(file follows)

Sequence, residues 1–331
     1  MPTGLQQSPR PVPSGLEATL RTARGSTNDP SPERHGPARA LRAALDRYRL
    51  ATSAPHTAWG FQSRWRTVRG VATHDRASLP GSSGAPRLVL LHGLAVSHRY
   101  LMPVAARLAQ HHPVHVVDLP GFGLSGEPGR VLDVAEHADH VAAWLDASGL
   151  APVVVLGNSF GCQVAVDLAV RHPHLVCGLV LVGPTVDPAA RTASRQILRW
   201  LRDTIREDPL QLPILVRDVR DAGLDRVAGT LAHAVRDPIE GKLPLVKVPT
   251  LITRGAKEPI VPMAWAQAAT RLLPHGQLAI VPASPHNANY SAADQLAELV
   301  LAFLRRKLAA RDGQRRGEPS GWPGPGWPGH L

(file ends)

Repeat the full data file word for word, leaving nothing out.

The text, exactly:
Sequence, residues 1–331
     1  MPTGLQQSPR PVPSGLEATL RTARGSTNDP SPERHGPARA LRAALDRYRL
    51  ATSAPHTAWG FQSRWRTVRG VATHDRASLP GSSGAPRLVL LHGLAVSHRY
   101  LMPVAARLAQ HHPVHVVDLP GFGLSGEPGR VLDVAEHADH VAAWLDASGL
   151  APVVVLGNSF GCQVAVDLAV RHPHLVCGLV LVGPTVDPAA RTASRQILRW
   201  LRDTIREDPL QLPILVRDVR DAGLDRVAGT LAHAVRDPIE GKLPLVKVPT
   251  LITRGAKEPI VPMAWAQAAT RLLPHGQLAI VPASPHNANY SAADQLAELV
   301  LAFLRRKLAA RDGQRRGEPS GWPGPGWPGH L